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Linear Fractional Transformation - find the formula

  • Thread starter anniecvc
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http://math.sfsu.edu/federico/Clase/Math350.S15/linea.JPG [Broken] 1. Homework Statement
The picture below represents the map from a "green projective line" to a "red projective line." It takes the "green points" 1,3,7,-11 to the "red points" 0,6,10,20, respectively as shown by the ruler. Let f be the corresponding linear fractional, so f(1) = 0, f(3) = 6, f(7) = 10, f(-11) = 20. Find a formula for the "red point" f(x) on the ruler where the "green point" x lands.

Homework Equations


a linear fractional is where f(x) = (ax+b)/(cx+d) where ad-bc is not equal to 0.

The Attempt at a Solution


First a did a system of equations:
(a(1) + b) / ( c(1) + d ) = 0
(a(3) +b) / ( c(3) + d )= 6
(a(7) +b) / ( c(7) + d ) = 10
(a(-11) +b) / (c(-11) + d )= 20

Thinking I could solve for a,b,c,d. However if I get all the letters in terms of let's say d and solve, this becomes nonsensical, since something d over something d is a number (the d's reduce) , and I'm left with a number = another number.
 
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Answers and Replies

  • #2
Svein
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a linear fractional is where f(x) = (ax+b)/(cx+d) where ad-bc is not equal to 0.
Since you have a fraction, you can choose either a or c to be 1. So, choose c = 1. The first equation says a⋅1 + b = 0, so b = -a. That's two variables accounted for. Now the rest is easy...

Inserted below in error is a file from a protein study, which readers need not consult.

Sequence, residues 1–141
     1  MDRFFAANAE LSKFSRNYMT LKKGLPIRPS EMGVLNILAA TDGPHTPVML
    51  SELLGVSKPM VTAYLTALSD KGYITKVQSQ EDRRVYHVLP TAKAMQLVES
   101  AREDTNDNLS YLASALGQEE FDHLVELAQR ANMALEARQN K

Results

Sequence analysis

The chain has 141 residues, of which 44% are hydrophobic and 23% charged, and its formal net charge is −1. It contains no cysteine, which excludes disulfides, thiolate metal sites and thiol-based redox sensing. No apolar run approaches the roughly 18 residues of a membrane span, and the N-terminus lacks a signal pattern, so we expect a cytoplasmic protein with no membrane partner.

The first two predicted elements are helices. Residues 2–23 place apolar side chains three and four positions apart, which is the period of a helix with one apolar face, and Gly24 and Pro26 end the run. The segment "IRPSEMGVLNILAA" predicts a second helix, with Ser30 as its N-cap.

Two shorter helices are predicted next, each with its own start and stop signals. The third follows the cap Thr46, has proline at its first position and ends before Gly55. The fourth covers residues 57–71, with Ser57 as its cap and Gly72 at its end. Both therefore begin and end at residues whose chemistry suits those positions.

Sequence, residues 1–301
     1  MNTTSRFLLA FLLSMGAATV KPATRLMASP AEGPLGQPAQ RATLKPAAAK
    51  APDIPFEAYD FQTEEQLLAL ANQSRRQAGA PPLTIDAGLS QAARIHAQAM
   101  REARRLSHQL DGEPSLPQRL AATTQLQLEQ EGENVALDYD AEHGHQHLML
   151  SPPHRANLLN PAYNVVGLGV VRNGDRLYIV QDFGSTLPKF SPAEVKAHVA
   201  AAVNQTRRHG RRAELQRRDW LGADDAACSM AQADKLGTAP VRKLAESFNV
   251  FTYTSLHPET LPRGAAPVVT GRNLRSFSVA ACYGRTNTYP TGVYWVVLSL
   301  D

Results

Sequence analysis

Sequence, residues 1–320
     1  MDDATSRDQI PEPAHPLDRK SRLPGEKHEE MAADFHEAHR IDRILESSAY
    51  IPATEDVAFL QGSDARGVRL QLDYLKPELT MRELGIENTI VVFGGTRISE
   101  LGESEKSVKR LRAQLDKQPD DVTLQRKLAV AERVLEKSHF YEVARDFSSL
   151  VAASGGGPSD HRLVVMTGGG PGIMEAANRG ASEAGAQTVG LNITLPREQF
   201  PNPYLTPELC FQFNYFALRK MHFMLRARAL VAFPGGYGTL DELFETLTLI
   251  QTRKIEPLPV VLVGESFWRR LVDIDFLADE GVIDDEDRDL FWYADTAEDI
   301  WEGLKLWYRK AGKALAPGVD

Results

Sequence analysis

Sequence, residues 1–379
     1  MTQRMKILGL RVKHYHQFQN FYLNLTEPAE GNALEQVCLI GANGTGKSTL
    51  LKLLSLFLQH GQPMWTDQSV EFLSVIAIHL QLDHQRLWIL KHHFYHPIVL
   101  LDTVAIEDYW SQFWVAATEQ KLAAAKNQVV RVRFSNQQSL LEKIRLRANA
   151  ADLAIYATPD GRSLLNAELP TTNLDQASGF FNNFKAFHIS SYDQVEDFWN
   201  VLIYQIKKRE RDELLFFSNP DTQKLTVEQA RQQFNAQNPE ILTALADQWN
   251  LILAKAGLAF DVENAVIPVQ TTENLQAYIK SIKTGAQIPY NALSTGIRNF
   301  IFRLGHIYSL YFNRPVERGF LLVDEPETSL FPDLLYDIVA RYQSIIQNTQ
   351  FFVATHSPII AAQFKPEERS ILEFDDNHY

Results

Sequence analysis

• #3
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Choosing a or c to be 1 (or any number) seems to be an invalid assumption since even this is a ratio of a sum not just of a number over a number (choosing c=1 affects d, and choosing a=1 affects b), but please explain if I am incorrect. I chose c to be 1, then since I had everything else worked out in terms of d I plugged it all in. When I did, c=1 did not give f(3) = 6, so I solved for what c would be and got c = 1/6. Then, I tried to test this formula with f(7) = 10. It didn't work.
 
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Svein
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Choosing a or c to be 1 (or any number) seems to be an invalid assumption since even this is a ratio of a sum not just of a number over a number (choosing c=1 affects d, and choosing a=1 affects b), but please explain if I am incorrect. I chose c to be 1, then since I had everything else worked out in terms of d I plugged it all in. When I did, c=1 did not give f(3) = 6, so I solved for what c would be and got c = 1/6. Then, I tried to test this formula with f(7) = 10. It didn't work.
I am sorry, but you have made an error somewhere. One solution is: a = 15, b= -15, c=1, d=2.

About choosing one of the variables: A fundamental fact of fractions is that you can multiply or divide by the same number above or below. Therefore [itex] \frac{a\cdot x + b}{c\cdot x + d}=\frac{a(x+\frac{b}{a})}{a(\frac{c\cdot x}{a}+\frac{d}{a})}=\frac{c(\frac{a}{c}x+\frac{b}{c})}{c(x+\frac{d}{c})}[/itex] (of course, you cannot do that if the one you choose turns out to be 0).
 
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Thanks very much Svein.
 
  • #6
Mentallic
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Another quick simplification is to notice the case where f(x)=0

[tex]\frac{a+b}{c+d}=0[/tex]
and for a fraction to equal 0, it means that the numerator = 0, hence

[tex]a+b=0[/tex]

[tex]a=-b\text{, or } b=-a[/tex]

Therefore you just have an equation of the form

[tex]f(x)=\frac{ax-a}{cx+d}[/tex]
 

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